Special needs prom celebrates friendship

  • Posted: Friday, April 25, 2014 12:01 a.m.
    UPDATED: Friday, April 25, 2014 10:08 a.m.
STAFF PHOTO BY ROB NOVIT
DaQuan Williams, left, a Midland Valley High School special education student, is joined in a photo booth by his “buddy” helper, Ben Padgett, at a prom created for the special needs population in the schools.
STAFF PHOTO BY ROB NOVIT DaQuan Williams, left, a Midland Valley High School special education student, is joined in a photo booth by his “buddy” helper, Ben Padgett, at a prom created for the special needs population in the schools.

For many years, special education students with the Aiken County School District have relished the Special Olympic Games.

More recently, a program called Project Unify has brought special needs students together with “buddies” from their home schools to play basketball, flag-football and other sports.

On Thursday, students from five high schools traveled to Houndslake Country Club for their own prom, also a Project Unify program. The kids with disabilities and their buddies dressed up, danced, got their pictures taken and enjoyed a traditional prom dinner.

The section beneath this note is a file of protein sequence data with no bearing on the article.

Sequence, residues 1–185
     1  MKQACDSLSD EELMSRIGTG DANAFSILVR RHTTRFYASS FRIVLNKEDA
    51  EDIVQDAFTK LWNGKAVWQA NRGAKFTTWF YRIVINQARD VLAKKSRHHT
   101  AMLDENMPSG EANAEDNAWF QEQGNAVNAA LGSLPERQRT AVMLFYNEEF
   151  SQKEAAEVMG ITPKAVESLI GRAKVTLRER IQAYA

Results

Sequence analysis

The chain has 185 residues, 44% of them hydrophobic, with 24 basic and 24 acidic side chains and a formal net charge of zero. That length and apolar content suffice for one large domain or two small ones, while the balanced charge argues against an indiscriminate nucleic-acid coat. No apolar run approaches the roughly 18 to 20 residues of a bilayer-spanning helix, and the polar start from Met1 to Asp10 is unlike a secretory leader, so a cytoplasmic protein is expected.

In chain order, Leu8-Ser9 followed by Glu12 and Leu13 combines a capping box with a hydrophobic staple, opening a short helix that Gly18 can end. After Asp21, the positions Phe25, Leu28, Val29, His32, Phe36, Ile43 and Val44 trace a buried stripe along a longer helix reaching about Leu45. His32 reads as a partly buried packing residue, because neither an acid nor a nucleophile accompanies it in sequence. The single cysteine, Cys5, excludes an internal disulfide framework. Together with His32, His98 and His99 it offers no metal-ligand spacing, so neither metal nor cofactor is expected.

“It's a great experience,” said Cole Buff, a Wagener-Salley High School sophomore. “It's a good feeling to see them enjoy themselves so much.”

Buff is the president of the school's Make Others Believe program, also known as MOB. Their advisor is teacher Valerie Steen.

“We attended a Youth Activation Council summit,” Steen said of an organization that promotes connections and activities for special needs children and teenagers. “Our students were challenged to make a change, and they wanted to put on a prom.”

The other participating schools were Midland Valley, South Aiken, Silver Bluff and North Augusta high schools.

Some principals attended the event, as well as Superintendent Dr. Beth Everitt, Associate Superintendent King Laurence and Cassie Cage, the special programs director. Laurence was delighted to attend the prom with his daughter, Sydnie, a young woman with special needs.

“She actually aged out of South Aiken, where she had been involved with all the flag-football games, but got invited to the prom,” Laurence said. “Sydnie had been shy about going to the regular proms, so this was her first-ever. Before we left, I pinned her corsage, and then we did all the regular prom things.”

When she arrived for the event, Cagle had to hold back tears. “The kids with special needs got to interact with their friends,” she said. “It's awesome, and a lot of hard work and energy has gone into this.”

Senior writer Rob Novit is the Aiken Standard's education reporter and has been with the newspaper since 2001.

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